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W4847 TO [REV.] CALVIN MCQUESTEN from his mother, Mary Baker McQuesten
Mar 18 1903
To: Calvin McQuesten Montreal Quebec
From: 'Whitehern'

My dear dear Cal,

I have just come in from a meeting, at which I was unexpectedly called to preside. Our Jewish mission has for its President Mr. Hewitt and thinking it a merely honorary affair, I allowed myself to be made vice-pres. But as it turns out Mr. Hewitt is quite often away and always so--if there happens to be a special occasion. Miss Ben-Odid, daughter of the Celebrated Converted Rabbi had been brought here by First Methodist Church to give three nights' lectures on Customs in Eastern lands, she brung [sic] about thirty costumes with her and has young girls & lads wear them on the platform & she uses them to illustrate her lectures. They are most interesting. She is most charming herself, very handsome. Has traveled a great deal with her father having lived in many Countries and speaks with a very pretty cultivated voice. Well, she very kindly consented to speak for our Jewish Mission this afternoon on "Prophecy as it is being Fulfilled in the Holy Land," and she spoke for an hour in a very interesting way. I have not heard a word whether Anderson has accepted invitation of church or whether even it had been sent. Saw Mr. Leitch, he said the reason he did not vote for Anderson was he thought him too spiritual to handle Dr. F. and he is very independent at the way he thinks the Doctor has tried to work things. As the doctor was too unwell to be at the meeting, Mrs. Fletcher was sent (the first time I ever knew her there, for she always said she would rather not be there) but we cannot help feeling the doctor managed that, so that no one could express a contrary opinion. Just think the Dr. is 70 this Spring and for him to plan to hold on for two years more with an assistant, he is just exhausting his friends' patience. You know they offered him quite a liberal retiring allowance, but he would not do it.

We expect Hilda home to-morrow, at present she cannot do anything for Reggie, as no one is allowed to be with him more than ten minutes at a time, and we cannot do without her any longer. She is away now two weeks and it is too much for Mary.1 Mrs. W. [Whittemore] came home of course but when she saw R. she could not control herself and it was not good for him. It has been a terrible expense special nurse &c. H. & Tom took tea at Mrs. Mackay's and Tom came away with a "Tenner" in an envelope, which was most acceptable. H. was at the Hill's for dinner, said the house (their own on George St) is perfectly lovely arranged in the most artistic manner. I sent Mr. Proudfoot your description of the Court house vaults and he was most pleased. H. [Hilda] has been there a great deal. Sydney is very troubled about Helen Gartshore, she is not well and her father is not, he has had already a hemorrhage of the lungs. To-day I heard that Dr. Gilbert Gordon is dying in the South of Consumption of the bowels. Katie Irving is having a fine time in Toronto going to the House every afternoon & hearing discussions on the Gamey affair, it is decidedly "high" indeed.2 Mr. Irving says that the only one of the party whom the Doctor felt was entirely above all crookedness was Ballantyne. Even Ross was a little crooked perhaps only in small things. Uncle Calvin brought me in a copy of Saturday "News." It was the first I had seen, it has a very good appearance. In it a sketch of Hamilton history, your fathers name was mentioned amongst the former officers, and in the Varsity News was Tom's name Elected President of Political Science Club. Wasn't it quite remarkable luck he should have happened to get it. Did you hear from R. [Ruby] that Annie Ross has left the College. Dave told Tom she was going to look for position in Boston. Those Rosses seem to have no fear of pushing about the world. There has been a sort of feeling growing at the Caroline Mission that the teachers ought to have the appointing of their officers but the ladies of the association were very indignant at the idea, but I think the teachers are in the right. Miss Larson has always been a sort of go between but she has a very unpopular manner, as a result she has finally put her foot in it, and a new superintendent, finding to his surprise that the teachers are not allowed to elect their own officers wrote to the Board. Hence the excitement, Mr. Watson is on the Continent, but if the teachers were paid servants she could not have spoken in a more domineering tone. Think I will give up going to these societies. They do such stupid things, then it raises the worst part of my nature and makes me feel in such a wrong spirit. I noticed account of Isolation Hospitals was exactly the same in Montreal Herald and "News." Does S.[?] get paid for both? Do you see the Presbyterian? If you do not, let me know for I sent it to Tom & he can send it on. In last week's was an account of scenes in Italy by Sally Lunn and it read like Sarah McDonald's writing. She has just been or is now there. Must close. It does seem such a long time since you were home. Will not Mr. Brierley want a special correspondent for Ham[ilton] Old Boy's Carnival? With much love my dear dear boy.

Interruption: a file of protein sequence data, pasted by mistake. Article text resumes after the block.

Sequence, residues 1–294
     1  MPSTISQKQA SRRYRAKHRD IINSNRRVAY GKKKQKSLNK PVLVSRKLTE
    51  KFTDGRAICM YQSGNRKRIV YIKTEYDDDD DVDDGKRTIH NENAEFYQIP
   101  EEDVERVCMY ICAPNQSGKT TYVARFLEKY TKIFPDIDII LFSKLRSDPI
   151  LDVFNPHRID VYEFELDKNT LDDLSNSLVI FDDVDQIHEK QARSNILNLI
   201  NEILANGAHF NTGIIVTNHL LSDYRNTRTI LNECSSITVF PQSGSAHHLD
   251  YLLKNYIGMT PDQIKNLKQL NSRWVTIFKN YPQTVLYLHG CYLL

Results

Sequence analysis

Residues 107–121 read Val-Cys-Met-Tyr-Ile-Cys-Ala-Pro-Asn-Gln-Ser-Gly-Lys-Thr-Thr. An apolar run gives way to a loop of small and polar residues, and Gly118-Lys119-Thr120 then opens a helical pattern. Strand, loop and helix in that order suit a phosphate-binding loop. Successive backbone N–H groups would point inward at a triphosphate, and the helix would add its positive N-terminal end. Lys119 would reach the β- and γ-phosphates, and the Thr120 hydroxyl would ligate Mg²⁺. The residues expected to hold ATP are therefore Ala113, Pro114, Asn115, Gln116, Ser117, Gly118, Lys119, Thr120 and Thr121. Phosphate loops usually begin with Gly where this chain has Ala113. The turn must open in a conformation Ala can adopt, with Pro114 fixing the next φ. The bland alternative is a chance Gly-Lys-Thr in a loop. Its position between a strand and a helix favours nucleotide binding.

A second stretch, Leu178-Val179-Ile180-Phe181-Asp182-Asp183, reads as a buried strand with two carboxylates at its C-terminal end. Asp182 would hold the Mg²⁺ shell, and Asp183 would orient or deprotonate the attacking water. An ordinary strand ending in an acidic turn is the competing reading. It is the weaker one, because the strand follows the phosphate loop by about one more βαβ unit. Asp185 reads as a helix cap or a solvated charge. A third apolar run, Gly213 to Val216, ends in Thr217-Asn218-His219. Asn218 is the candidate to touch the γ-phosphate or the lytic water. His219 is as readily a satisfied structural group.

Your loving mother

M.B. McQuesten


1 For discussion of servants, see W4343.


2 See W4863 for account of Gamey affair.




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The development of this website was directed by Mary Anderson, Ph.D. and Janelle Baldwin, M.A.
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